January 24, 2020

FDA Info on Fresh Thyme Woodman’s Blackberries Hepatitis A Outbreak

The FDA has released information on the Fresh Thyme Woodman’s blackberries hepatitis A outbreak that has sickened 18 people in 6 states, including Indiana, Michigan, Minnesota, Missouri, Nebraska, and Wisconsin. The outbreak is potentially linked to fresh, conventional (non-organic) blackberries sold at the grocery stores Fresh Thyme Farmers Market and Woodman’s Market in the upper midwest.

FDA Info on Fresh Thyme Woodman's Blackberries Hepatitis A Outbreak

 

The case counts were updated to include 18 illnesses  from 16 from the last update on December 3, 2019 , with the most recent illness onset date on November 15, 2019. Ten people have been hospitalized.

The FDA is urging consumers not to eat any fresh, conventional blackberries if they were purchased from 9/9/19 and 9/30/19 from Fresh Thyme Farmers Market stores located in Iowa, Illinois, Indiana, Kentucky, Michigan, Missouri, Minnesota, Nebraska, Ohio, Pennsylvania, and Wisconsin; or from Woodman’s Market that is located in Wisconsin and Illinois.

The government is concerned that some people may have purchased blackberries between the specific time frame of September 9, 2019 and September 30, 2019, and froze them for later use. Freezing does not destroy the hepatitis A virus; it is destroyed by cooking it for at least one minute at 185°F. If someone eats the frozen berries that were not cooked, they could risk getting sick.

Attorney Fred Pritzker

You can contact food safety attorney Fred Pritzker for help if you have been sickened in this blackberries hepatitis A outbreak by calling 1-888-377-8900 or 612-338-0202.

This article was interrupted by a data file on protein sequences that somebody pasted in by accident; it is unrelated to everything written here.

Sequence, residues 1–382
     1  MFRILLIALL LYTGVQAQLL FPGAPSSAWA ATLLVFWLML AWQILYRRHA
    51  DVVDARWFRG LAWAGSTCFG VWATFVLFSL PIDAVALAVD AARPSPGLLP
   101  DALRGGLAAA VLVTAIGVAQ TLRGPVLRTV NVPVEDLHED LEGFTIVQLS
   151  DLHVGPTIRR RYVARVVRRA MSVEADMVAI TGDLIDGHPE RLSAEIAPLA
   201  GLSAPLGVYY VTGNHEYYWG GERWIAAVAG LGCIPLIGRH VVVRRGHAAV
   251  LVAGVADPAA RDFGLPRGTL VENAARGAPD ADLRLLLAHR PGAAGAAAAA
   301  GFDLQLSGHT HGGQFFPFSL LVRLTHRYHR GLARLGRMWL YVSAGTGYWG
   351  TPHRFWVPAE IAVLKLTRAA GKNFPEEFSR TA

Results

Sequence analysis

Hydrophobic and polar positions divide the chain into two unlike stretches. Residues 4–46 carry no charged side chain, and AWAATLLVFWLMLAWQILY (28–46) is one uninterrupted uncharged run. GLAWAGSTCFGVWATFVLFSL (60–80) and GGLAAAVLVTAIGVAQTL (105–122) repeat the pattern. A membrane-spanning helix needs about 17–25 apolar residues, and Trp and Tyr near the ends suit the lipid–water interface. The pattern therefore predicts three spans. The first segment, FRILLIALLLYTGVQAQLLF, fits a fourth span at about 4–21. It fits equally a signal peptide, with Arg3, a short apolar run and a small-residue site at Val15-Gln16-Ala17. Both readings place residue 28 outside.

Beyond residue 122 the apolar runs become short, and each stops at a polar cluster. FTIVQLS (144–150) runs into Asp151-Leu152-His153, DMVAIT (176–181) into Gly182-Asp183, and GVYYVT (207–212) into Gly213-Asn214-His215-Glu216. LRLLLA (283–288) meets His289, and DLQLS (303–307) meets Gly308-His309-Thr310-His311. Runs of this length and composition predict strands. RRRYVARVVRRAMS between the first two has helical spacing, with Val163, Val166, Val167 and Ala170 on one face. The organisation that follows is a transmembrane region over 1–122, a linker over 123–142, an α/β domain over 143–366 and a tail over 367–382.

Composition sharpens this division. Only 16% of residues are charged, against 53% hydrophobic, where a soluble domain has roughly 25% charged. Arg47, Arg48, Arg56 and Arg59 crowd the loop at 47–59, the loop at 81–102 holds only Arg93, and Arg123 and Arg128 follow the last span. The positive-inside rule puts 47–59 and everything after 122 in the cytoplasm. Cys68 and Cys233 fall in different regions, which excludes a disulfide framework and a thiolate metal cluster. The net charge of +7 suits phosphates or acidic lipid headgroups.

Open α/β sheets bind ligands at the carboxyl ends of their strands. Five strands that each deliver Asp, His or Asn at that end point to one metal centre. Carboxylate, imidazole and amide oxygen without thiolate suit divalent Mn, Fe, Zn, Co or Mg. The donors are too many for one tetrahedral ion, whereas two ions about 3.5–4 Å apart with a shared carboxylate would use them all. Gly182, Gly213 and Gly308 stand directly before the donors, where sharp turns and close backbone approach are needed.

If you or someone you know did eat frozen berries purchased during the time frame in question, you can still get a hepatitis A or immune globulin vaccination if you ate them during the last two weeks. Those vaccines are only effective if given within two weeks of exposure. Consult with your healthcare provider to see if these vaccinations are indicated for you.

If you have had a hepatitis A illness in the past, or if you have previously been vaccinated, you probably don’t need a shot. Again, consult with your doctor to be sure.

If you did have the blackberries in question stored in your refrigerator or freezer, clean those appliances after you discard the fruit. Wash the inside walls and shelves, then sanitize with a solution of one tablespoon liquid chlorine bleach to one gallon of hot water, then dry with fresh paper towels. Wash your hands with soap and water after cleaning and after handling the berries.

Symptoms of hepatitis A include fatigue, nausea, vomiting, abdominal pain, especially in the upper right quadrant, jaundice, dark urine, and clay-colored stools. Symptoms usually start 15 to 50 days after infection. If you ate the berries more than two weeks ago, watch for these symptoms to appear. If they do, see your doctor. You may be part of this Fresh Thyme Woodman’s blackberries hepatitis A outbreak.

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